Wire wrap is a technology used to assemble electronics. It is a method to construct circuit boards without having to make a printed circuit board. Wires can be wrapped by hand or by machine, and can be hand-modified afterwards. It was popular for large-scale manufacturing in the 60s and early 70s, and continues to be used for short runs and prototypes. It is unusual among prototyping technologies in that very complex assemblies can be produced by automated equipment, and then easily repaired or modified by hand.
Wire wrap construction can produce assemblies which are more reliable than printed circuits: connections are less prone to fail due to vibration or physical stresses on the base board, and the lack of solder precludes soldering faults such as corrosion, cold joints and dry joints. The connections themselves are firmer and have lower electrical resistance due to cold welding of the wire to the terminal post at the corners.
A correctly made wire-wrap connection is seven (7) turns of wire with 0.5–1.5 turns of insulated wire at the bottom for strain relief. The square hard-gold-plated post thus forms 28 redundant contacts. The silver-plated wire coating cold-welds to the gold. If corrosion occurs, it occurs on the outside of the wire, not on the gas-tight contact where oxygen cannot penetrate to form oxides. A correctly designed wire-wrap tool applies up to twenty tons of force per square inch on each joint.
Wire wrap was used for assembly of high frequency prototypes and small production runs, including gigahertz microwave circuits and super computers. It is unique among automated prototyping techniques in that wire lengths can be exactly controlled, and twisted pairs or magnetically shielded twisted quads can be routed together.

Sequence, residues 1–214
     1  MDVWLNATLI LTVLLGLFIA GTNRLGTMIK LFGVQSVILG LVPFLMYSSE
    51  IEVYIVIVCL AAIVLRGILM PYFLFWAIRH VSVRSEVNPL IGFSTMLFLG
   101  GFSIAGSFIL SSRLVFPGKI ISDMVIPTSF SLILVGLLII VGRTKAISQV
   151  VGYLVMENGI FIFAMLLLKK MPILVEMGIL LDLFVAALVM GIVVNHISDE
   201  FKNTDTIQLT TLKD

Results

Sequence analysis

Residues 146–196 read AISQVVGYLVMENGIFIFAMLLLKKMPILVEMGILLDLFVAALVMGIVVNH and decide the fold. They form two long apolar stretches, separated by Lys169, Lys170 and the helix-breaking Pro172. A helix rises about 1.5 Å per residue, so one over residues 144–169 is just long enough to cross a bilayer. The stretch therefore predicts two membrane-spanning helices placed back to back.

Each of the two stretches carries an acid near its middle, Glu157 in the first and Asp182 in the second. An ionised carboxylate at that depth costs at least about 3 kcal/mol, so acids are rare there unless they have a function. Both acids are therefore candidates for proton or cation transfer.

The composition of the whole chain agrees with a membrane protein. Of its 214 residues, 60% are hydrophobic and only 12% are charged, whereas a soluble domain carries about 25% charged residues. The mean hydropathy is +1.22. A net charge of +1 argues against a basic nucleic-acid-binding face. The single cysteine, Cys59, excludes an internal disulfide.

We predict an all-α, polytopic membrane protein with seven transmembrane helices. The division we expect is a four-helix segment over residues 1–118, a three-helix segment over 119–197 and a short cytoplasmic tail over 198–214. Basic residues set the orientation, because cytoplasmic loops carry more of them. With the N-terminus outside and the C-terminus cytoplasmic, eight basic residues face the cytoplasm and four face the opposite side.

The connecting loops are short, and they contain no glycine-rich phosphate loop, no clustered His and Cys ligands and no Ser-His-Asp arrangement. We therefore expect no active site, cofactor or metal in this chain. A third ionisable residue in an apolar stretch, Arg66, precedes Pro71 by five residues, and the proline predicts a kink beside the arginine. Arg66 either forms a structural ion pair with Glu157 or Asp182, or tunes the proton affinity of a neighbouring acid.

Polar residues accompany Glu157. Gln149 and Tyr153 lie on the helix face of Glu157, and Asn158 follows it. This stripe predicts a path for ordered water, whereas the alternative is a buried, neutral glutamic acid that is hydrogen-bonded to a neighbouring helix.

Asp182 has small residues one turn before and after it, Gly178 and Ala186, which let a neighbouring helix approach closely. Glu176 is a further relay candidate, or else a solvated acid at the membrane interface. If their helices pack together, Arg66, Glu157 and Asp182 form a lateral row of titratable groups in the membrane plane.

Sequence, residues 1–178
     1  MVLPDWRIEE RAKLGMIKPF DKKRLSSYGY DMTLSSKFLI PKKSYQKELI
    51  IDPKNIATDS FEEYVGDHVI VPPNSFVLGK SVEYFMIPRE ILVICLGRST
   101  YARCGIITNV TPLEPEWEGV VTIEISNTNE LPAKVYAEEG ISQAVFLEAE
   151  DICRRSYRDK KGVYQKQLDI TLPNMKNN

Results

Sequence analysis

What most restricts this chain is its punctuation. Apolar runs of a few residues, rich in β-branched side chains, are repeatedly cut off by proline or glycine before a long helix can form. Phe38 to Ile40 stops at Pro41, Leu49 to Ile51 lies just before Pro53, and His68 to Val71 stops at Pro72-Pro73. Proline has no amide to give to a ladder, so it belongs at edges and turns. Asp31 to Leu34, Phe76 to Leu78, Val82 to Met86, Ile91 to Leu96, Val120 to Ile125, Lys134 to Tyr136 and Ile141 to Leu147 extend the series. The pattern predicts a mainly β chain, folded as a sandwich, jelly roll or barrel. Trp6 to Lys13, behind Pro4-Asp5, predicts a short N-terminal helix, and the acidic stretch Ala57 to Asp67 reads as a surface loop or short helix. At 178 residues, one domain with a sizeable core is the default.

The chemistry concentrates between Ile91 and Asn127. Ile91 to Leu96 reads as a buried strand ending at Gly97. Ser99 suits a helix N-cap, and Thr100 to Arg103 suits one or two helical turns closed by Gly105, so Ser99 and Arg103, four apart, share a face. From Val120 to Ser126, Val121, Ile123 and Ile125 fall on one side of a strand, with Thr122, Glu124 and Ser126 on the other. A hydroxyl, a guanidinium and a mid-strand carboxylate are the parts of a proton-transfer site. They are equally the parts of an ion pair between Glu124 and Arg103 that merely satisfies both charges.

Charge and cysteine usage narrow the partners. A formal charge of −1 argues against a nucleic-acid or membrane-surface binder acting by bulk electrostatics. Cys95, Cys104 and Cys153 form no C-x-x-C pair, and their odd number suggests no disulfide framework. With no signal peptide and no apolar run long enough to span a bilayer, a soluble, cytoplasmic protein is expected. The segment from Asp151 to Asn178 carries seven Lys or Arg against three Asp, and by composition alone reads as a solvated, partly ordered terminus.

Wire wrap construction became popular around 1960 in circuit board manufacturing, and use has now sharply declined. Surface-mount technology has made the technique much less useful than in previous decades. Solder-less breadboards and the decreasing cost of professionally made PCBs have nearly eliminated this technology.
In telecommunications wire wrap is in common high volume use in modern communications networks for cross connects between copper wiring plant. For example, most phone lines from the outside plant go to wire wrap panels in a central office, whether used for POTS phone service, DSL or T1 lines. Typically at a main distribution frame Internal Cross Facilities Assignments and External Cross Facilities Assignments, are connected together via jumpers that are wire wrapped. Wire wrap is popular in telecommunications since it is one of the most secure ways to attach wires, and provides excellent and consistent data layer contact. Wirewrap panels are rated for high quality data services, including Cat 5 grade wiring. The principal competitor in this application is punch blocks, which are quicker but less secure.
Other articles related to "wire wrap, wire, wires":
... cards were plugged into a card-cage back-plane and edge connector contacts connected to wire wrap pins ... All interconnections were made with wire-wrapped connections, except for power buss lines ... The back-plane wire-wrap connections were mostly made at the factory with automated equipment, but the wire-wrap technology facilitated field-installation of ...
... In wire-wrapping, electronic design automation can design the board, and optimize the order in which wires are placed ... the design by experimentally swapping the positions of parts and logic gates to reduce the wire length ... discover power pins in the devices, and generate wires to the nearest power pins ...
... For high density prototyping, especially of digital circuits, wire wrap is faster and more reliable than Stripboard for experienced personnel ...
Famous quotes containing the words wrap and/or wire:
“If you wish to preserve your secret, wrap it up in frankness.”
—Alexander Smith (18301867)
“God, I am caught in a snare!
I know not what fine wire is round my throat;
I only know I let him finger there
My pulse of life, and let him nose like a stoat
Who sniffs with joy before he drinks the blood.”
—D.H. (David Herbert)